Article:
[Date Prev][Date Next][Thread Prev][Thread Next][Date Index][Thread Index]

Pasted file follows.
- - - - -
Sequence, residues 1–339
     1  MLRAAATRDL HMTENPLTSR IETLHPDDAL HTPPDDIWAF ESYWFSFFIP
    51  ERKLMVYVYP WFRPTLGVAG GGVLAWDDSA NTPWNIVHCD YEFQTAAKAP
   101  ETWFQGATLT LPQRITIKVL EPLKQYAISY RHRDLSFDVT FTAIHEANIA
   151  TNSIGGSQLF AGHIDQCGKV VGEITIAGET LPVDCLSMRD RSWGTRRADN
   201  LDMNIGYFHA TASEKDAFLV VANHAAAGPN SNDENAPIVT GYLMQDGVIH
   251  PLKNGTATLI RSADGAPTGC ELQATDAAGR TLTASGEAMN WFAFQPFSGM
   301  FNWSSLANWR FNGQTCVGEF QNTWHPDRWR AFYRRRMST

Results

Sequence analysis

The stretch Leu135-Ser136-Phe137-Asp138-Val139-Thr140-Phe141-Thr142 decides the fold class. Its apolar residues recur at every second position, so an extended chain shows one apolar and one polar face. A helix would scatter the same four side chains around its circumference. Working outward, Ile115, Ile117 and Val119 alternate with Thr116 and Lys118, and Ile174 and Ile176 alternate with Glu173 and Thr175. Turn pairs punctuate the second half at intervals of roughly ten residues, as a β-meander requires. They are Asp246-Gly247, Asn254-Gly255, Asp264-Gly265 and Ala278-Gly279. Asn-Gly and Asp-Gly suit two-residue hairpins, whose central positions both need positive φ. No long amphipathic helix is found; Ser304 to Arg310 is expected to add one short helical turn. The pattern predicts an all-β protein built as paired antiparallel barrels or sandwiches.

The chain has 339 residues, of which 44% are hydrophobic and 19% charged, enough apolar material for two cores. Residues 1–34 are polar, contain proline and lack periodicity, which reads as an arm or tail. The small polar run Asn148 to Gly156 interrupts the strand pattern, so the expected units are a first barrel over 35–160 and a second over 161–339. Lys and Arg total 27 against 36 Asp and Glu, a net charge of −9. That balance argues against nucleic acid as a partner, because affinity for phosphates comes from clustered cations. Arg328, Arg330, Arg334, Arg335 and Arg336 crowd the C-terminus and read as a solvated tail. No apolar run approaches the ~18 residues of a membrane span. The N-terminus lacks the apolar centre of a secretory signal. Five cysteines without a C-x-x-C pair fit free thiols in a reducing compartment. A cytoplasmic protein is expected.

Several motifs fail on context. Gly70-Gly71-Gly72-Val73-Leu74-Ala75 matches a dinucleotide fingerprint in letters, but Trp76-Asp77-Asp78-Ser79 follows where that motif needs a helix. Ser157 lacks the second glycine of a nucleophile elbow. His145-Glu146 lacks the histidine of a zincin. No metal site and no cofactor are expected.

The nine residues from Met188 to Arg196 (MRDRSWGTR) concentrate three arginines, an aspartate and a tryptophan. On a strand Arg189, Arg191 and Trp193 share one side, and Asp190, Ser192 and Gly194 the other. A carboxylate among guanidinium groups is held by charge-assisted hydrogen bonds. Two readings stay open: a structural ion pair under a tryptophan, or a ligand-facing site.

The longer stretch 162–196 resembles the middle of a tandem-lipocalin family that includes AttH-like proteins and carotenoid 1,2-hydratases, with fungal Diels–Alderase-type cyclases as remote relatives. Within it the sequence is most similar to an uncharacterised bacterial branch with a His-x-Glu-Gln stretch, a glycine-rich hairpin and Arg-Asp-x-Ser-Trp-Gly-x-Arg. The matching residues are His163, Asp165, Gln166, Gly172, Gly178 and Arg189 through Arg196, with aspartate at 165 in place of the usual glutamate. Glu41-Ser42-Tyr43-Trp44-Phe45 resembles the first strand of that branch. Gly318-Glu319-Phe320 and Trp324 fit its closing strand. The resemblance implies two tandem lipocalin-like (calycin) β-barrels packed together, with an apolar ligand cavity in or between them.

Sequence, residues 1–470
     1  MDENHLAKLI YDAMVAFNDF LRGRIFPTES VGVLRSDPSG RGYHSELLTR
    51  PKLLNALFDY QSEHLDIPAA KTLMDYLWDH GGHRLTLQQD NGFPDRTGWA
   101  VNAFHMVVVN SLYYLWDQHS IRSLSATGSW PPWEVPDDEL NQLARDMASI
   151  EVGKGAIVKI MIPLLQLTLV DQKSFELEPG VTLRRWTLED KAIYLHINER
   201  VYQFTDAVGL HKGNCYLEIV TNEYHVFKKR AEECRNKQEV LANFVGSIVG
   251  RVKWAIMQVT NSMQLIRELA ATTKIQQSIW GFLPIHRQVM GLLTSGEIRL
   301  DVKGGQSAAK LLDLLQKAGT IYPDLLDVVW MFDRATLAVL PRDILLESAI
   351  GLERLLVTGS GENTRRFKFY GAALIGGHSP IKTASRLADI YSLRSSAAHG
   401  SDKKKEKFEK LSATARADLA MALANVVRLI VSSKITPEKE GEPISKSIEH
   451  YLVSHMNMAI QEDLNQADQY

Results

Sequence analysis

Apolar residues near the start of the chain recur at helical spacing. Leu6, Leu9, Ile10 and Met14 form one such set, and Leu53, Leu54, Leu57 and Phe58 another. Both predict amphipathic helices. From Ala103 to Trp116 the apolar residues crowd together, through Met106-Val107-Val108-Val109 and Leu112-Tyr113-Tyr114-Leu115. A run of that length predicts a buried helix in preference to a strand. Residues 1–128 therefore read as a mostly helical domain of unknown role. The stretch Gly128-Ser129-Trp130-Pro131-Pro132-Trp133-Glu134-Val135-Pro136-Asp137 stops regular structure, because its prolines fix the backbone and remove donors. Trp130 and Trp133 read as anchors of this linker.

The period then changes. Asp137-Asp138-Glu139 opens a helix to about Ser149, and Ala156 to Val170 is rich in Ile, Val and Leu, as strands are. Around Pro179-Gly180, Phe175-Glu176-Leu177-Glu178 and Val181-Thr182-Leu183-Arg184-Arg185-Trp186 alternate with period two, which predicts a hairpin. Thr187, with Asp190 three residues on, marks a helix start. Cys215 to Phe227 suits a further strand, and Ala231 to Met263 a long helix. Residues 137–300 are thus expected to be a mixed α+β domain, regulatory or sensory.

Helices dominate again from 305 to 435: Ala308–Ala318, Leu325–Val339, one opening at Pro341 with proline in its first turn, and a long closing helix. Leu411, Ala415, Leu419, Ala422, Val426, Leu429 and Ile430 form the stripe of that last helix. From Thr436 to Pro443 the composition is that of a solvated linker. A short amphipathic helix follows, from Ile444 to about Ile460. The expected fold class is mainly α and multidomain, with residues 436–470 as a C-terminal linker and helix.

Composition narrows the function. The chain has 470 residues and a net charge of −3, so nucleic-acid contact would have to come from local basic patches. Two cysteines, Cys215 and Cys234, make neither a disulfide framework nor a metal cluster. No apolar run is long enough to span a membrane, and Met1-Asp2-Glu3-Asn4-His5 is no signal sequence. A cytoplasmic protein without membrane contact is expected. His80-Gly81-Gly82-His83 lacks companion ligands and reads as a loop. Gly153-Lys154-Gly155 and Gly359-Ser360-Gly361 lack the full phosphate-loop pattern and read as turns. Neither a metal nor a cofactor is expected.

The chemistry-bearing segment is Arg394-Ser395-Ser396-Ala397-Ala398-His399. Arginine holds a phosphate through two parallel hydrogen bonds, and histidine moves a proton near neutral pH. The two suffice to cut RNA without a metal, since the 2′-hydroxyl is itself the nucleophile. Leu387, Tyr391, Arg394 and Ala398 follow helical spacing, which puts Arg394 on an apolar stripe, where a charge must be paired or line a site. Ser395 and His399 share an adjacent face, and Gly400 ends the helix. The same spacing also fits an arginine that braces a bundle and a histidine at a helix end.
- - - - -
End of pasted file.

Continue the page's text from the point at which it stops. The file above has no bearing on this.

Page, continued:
*To*: starship-design@lists.uoregon.edu (Starship list)*Subject*: Re: Re: The fuelsail is stupid (was starship-design: Hull Materials)*From*: kuo@bit.csc.lsu.edu (Isaac Kuo)*Date*: Mon, 17 Nov 1997 06:52:29 -0600 (CST)*In-Reply-To*: <971116235811_-1607580981@mrin52.mail.aol.com> from "KellySt@aol.com" at Nov 16, 97 11:58:12 pm*Reply-To*: kuo@bit.csc.lsu.edu (Isaac Kuo)*Sender*: owner-starship-design@lists.uoregon.edu